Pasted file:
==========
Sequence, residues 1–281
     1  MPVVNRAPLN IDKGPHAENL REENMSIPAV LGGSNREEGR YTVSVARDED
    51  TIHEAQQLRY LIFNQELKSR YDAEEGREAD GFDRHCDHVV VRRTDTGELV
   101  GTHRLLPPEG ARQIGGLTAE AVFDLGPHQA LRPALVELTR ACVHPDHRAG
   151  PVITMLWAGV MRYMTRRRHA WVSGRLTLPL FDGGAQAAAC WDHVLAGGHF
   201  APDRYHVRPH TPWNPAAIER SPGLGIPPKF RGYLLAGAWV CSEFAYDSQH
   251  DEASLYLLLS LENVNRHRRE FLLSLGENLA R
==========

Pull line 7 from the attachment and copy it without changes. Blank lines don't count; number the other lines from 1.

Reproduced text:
   251  DEASLYLLLS LENVNRHRRE FLLSLGENLA R